Andrew Krumerman, a professor of medicine at Montefiore Medical Center/Albert Einstein College of Medicine in the Bronx, is senior author of a study published in January in the journal Sleep Medicine showing an increase in atrial fibrillation admissions following the transition to daylight-saving time but not after the fall time change. “People really need to pay attention to healthy sleep habits especially around this period of time,” Dr. Krumerman said.
Findings on the effect of time changes on car accidents are mixed. One study published last month in the journal Current Biology found a 6% increase in car accidents in the week after the switch to daylight-saving time. Céline Vetter, director of the Circadian and Sleep Epidemiology Lab at the University of Colorado Boulder and senior author of the study, says the researchers looked at fatal car accidents during the fall and spring time changes and found a significant effect only in the spring.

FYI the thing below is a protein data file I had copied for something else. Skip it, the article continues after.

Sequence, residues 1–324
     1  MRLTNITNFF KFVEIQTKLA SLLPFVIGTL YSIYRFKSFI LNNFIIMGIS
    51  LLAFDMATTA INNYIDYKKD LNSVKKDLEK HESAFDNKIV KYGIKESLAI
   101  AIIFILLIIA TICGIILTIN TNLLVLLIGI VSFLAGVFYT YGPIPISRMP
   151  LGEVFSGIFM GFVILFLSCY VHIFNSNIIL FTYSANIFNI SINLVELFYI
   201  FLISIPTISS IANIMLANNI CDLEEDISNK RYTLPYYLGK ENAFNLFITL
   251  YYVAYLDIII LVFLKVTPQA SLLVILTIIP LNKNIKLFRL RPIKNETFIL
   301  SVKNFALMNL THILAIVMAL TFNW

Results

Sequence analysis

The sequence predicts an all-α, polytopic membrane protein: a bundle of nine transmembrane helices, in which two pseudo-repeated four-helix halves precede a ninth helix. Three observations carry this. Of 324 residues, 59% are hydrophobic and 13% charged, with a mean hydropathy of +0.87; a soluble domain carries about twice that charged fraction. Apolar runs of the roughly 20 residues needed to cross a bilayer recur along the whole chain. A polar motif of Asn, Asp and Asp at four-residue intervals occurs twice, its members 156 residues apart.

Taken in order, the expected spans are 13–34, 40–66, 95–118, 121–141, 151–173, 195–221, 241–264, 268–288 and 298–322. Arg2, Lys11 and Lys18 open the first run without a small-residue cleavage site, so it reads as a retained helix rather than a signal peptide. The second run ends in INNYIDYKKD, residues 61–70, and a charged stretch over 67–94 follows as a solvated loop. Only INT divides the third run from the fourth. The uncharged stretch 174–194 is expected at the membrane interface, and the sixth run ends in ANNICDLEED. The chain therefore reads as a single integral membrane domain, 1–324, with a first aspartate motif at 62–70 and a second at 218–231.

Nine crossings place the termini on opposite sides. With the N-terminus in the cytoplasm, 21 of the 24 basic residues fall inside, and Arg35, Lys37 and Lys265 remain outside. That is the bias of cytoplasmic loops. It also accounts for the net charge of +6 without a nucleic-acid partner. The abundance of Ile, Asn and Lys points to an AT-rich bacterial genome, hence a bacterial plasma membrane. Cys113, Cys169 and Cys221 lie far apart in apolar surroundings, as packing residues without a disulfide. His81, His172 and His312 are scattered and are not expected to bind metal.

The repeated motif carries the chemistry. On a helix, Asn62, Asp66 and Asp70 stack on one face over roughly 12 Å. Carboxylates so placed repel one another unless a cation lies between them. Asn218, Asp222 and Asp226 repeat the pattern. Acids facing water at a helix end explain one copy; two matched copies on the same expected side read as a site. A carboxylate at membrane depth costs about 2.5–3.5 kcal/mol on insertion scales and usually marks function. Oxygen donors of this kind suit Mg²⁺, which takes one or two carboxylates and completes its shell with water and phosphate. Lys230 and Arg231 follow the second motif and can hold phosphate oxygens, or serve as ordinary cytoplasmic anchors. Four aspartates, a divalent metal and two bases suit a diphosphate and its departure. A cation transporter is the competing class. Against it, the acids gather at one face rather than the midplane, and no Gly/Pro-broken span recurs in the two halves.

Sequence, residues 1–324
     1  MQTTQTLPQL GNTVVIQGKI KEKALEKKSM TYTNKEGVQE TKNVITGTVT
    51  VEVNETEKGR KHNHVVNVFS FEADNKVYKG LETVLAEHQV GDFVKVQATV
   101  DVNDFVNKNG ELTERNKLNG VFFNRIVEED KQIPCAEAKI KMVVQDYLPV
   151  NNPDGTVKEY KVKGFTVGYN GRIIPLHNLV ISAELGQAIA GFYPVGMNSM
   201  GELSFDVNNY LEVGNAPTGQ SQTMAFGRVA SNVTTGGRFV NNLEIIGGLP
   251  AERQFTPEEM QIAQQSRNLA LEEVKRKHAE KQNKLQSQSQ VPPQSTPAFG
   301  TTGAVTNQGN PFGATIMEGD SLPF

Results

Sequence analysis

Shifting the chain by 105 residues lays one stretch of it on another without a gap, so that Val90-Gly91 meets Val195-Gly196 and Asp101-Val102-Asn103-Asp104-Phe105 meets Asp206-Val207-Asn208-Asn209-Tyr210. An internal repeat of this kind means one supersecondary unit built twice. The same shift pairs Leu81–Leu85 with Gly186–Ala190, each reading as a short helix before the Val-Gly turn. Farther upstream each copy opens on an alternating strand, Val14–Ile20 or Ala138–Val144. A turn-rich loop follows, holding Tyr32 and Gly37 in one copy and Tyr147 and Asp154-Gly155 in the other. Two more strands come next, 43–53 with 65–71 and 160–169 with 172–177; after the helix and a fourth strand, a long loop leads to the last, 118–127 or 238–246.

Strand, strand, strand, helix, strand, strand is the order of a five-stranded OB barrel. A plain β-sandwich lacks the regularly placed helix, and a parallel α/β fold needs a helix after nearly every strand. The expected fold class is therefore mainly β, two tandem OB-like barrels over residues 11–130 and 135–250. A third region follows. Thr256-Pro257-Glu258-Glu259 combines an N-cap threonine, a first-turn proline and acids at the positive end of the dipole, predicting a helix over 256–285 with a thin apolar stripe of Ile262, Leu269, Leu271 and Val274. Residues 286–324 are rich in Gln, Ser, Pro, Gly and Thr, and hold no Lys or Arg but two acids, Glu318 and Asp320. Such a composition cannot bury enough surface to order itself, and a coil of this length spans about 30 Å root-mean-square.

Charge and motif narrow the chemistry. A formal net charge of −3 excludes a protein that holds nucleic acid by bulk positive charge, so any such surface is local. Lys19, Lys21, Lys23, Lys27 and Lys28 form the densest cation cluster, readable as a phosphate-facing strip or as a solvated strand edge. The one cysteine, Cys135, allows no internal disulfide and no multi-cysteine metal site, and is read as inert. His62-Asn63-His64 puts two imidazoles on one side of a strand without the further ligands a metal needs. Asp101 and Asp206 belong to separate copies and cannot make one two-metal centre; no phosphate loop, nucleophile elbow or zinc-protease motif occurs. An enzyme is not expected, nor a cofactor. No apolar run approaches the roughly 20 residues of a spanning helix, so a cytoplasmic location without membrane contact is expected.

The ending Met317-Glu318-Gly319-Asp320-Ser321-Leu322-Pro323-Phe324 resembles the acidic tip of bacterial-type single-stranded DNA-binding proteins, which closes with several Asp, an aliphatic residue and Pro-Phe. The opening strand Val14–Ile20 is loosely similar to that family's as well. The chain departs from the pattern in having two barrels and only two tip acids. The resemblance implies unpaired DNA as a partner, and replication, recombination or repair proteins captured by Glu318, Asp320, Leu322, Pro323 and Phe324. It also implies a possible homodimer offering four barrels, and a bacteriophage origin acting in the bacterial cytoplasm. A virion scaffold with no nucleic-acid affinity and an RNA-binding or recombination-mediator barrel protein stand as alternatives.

The 6% effect is small, Dr. Vetter said, but affects “many, many individuals so we still think it’s something that has quite a public health impact.”
Tips from the American Academy of Sleep Medicine for shifting to daylight-saving time:
• Get at least seven hours of sleep before and after the transition.
• Gradually adjust sleep and wake times two to three days before the change by shifting bedtime 15 to 20 minutes earlier each night.
• Go outside and get exposure to morning sunlight on Sunday to help regulate your internal clock.
• Exercise caution during activities that require alertness in the week after the transition.
Terence S. Phillips